NZ Post job cuts ‘will hit regional communities hard’

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Between 1500 and 2000 New Zealand Post workers will lose their jobs over the next three years, but it is as yet unknown how that will affect North Otago.

On Friday, NZ Post chairman Sir Michael Cullen fronted the announcement in Wellington.

The announcement included a range of initiatives to establish a foundation for future operations in New Zealand.

“The initiatives commit to investment and growth in New Zealand Post’s logistics and financial services, innovation in our mail and retail network, and lowering costs,” he said.

Sir Cullen said the changes would start to be implemented next year.

“While we will remain one of the biggest employers in the country, we are also signalling that we expect to need to reduce our workforce by around 1500 to 2000,” he said.

“While significant, it is important to recognise that the reduction will be phased and will occur over the next three years.

”That impact on people is very regrettable, but it’s something we can’t avoid given the changes to how customers and the broader community are using our services. ”

Sir Cullen said the traditional letter mail business was in irreversible decline, with letter volumes falling 30 per cent since 2006 and facing further decline within the next five years.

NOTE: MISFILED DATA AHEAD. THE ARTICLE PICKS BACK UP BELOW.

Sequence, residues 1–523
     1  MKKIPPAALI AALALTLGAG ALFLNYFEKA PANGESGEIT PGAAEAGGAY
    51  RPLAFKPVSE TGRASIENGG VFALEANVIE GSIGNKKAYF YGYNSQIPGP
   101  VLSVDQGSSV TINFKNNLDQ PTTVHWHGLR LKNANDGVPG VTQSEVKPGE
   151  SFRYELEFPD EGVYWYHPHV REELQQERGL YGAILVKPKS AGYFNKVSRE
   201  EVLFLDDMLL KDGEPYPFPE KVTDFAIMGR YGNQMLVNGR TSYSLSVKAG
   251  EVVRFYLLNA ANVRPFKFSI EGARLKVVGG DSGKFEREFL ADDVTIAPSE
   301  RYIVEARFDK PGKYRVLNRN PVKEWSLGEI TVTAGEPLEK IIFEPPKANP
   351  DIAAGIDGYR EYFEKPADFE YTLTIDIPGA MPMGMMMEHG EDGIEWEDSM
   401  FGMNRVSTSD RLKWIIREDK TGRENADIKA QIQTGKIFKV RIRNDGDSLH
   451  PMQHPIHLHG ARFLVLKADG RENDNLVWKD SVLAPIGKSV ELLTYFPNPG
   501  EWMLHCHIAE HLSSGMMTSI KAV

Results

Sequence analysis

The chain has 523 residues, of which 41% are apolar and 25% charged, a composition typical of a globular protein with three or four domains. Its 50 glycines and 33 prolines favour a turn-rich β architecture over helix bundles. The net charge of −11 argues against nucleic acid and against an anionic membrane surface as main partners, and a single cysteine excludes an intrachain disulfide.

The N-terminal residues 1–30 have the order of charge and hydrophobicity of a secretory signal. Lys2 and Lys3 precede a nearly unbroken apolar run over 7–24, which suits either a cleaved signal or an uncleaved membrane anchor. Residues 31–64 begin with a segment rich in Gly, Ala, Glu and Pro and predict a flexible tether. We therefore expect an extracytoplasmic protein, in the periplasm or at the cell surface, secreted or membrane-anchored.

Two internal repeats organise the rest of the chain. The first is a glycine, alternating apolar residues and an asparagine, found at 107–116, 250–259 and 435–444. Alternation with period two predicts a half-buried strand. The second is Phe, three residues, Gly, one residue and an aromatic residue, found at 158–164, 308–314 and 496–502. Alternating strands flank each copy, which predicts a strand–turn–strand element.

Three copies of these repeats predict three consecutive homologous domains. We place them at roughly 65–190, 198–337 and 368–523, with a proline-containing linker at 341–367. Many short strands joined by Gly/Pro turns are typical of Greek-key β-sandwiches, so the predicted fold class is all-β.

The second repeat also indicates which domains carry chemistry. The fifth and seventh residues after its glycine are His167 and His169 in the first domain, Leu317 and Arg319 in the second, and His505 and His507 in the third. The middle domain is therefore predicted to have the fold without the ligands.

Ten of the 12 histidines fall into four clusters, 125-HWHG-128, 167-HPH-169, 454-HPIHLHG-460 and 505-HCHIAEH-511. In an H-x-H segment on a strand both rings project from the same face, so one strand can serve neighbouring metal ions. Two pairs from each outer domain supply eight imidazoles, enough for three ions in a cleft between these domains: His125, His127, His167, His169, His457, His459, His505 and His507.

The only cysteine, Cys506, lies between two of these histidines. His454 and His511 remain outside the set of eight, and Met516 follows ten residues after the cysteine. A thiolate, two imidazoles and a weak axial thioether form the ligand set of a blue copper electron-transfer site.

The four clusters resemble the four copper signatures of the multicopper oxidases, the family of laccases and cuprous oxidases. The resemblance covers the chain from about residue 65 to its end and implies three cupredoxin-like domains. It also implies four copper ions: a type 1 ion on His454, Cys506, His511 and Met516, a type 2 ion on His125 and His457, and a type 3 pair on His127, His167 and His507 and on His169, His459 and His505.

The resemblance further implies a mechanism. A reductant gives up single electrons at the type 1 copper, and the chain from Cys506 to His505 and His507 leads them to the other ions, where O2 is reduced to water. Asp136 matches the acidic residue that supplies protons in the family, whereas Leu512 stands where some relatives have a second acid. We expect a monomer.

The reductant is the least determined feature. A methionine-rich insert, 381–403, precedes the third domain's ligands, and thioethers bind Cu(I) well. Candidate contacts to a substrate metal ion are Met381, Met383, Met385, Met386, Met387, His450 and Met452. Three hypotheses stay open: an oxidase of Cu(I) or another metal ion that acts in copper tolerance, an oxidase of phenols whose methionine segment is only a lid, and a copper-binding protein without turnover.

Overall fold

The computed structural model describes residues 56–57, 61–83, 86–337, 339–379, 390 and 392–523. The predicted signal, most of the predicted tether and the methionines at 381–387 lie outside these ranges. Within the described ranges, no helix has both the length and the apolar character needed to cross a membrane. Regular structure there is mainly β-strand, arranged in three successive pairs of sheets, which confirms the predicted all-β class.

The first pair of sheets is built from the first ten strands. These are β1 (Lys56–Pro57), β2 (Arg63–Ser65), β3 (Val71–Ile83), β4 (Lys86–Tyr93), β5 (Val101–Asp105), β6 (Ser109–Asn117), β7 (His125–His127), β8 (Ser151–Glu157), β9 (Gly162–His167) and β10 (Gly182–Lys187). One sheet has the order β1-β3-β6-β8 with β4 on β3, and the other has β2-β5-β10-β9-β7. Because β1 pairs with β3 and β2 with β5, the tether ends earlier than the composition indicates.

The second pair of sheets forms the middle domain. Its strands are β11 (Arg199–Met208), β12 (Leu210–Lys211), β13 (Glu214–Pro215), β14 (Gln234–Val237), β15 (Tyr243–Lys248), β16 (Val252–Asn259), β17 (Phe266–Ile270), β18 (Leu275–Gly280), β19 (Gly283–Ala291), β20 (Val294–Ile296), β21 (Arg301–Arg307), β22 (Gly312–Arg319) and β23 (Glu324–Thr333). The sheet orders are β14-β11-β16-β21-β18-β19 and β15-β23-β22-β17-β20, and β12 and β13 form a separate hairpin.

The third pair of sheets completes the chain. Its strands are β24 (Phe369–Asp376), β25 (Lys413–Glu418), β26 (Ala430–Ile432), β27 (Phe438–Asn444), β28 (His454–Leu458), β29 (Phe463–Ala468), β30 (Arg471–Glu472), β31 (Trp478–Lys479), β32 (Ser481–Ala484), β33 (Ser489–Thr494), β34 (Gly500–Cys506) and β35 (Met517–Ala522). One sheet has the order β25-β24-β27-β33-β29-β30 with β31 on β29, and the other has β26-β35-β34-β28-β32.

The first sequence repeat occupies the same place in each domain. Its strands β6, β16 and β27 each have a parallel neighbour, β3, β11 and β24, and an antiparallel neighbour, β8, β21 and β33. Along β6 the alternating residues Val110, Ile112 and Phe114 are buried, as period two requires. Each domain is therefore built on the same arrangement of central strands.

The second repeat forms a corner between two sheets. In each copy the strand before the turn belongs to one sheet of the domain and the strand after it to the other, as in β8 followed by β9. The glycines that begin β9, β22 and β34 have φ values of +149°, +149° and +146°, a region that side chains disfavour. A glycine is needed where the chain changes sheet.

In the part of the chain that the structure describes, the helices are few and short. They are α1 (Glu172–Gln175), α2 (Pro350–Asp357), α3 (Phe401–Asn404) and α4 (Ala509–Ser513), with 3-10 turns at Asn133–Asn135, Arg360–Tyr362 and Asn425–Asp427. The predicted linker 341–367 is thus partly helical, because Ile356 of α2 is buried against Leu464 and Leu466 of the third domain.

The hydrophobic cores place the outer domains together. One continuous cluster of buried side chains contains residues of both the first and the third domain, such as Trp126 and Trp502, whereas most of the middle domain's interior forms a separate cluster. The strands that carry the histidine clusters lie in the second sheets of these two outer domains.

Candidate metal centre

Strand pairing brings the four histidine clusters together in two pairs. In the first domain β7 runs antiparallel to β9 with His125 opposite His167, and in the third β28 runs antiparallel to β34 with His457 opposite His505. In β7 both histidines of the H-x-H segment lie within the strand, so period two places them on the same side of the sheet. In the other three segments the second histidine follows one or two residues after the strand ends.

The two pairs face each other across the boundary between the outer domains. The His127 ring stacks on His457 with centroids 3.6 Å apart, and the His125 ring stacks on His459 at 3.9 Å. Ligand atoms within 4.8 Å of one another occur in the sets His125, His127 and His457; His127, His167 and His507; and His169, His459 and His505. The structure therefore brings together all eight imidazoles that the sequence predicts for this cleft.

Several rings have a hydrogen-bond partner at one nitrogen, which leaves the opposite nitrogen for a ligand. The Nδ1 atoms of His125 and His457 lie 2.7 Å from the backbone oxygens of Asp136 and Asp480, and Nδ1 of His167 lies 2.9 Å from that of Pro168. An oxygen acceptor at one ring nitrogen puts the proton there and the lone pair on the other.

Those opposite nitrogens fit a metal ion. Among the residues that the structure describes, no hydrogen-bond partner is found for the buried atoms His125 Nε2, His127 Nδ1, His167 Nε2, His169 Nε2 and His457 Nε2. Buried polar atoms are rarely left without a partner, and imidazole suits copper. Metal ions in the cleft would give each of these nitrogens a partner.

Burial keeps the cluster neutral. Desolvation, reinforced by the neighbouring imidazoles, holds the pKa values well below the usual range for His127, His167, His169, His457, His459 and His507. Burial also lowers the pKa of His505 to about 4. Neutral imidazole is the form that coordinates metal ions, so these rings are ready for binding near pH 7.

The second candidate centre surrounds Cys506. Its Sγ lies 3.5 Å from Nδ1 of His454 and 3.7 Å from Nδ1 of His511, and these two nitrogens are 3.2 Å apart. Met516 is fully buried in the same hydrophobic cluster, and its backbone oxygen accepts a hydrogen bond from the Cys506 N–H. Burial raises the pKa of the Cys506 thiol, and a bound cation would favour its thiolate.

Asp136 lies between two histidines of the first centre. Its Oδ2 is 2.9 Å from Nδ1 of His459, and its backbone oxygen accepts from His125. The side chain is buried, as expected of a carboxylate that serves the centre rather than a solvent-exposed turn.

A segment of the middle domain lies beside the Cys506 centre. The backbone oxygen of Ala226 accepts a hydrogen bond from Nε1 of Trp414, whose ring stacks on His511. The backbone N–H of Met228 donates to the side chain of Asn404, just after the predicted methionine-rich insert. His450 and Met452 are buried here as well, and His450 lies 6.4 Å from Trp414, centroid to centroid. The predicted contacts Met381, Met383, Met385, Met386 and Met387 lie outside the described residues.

The areas the initiatives fall into include delivery, where NZ Post will progressively change its delivery mode from walking and cycling to a walking and vehicle support.

EPMU’s postal industry organiser Joe Gallagher said the massive redundancies and cuts to services were simply cruel.

“The scale of these cuts has come as a real shock to our members,” said Mr Gallagher.

“These plans have clearly been in the pipeline for a long time, but the people affected by them, including all New Zealanders who use the postal service, have been kept in the dark.”

Mr Gallagher said the regional communities would be hit hard.

“At the very least, the Government owed it to workers to give them some warning that these huge cuts were coming,” he said.

A New Zealand Post spokesperson said it was too early to tell how it would affect the Waitaki District.

“We’re not in a position to provide a breakdown of how the changes will affect particular areas of the country or parts of the business until we work through the details and speak to affected staff and their representatives, the EPMU and the PWUA, as part of our normal consultation process.”

By Jessie Waite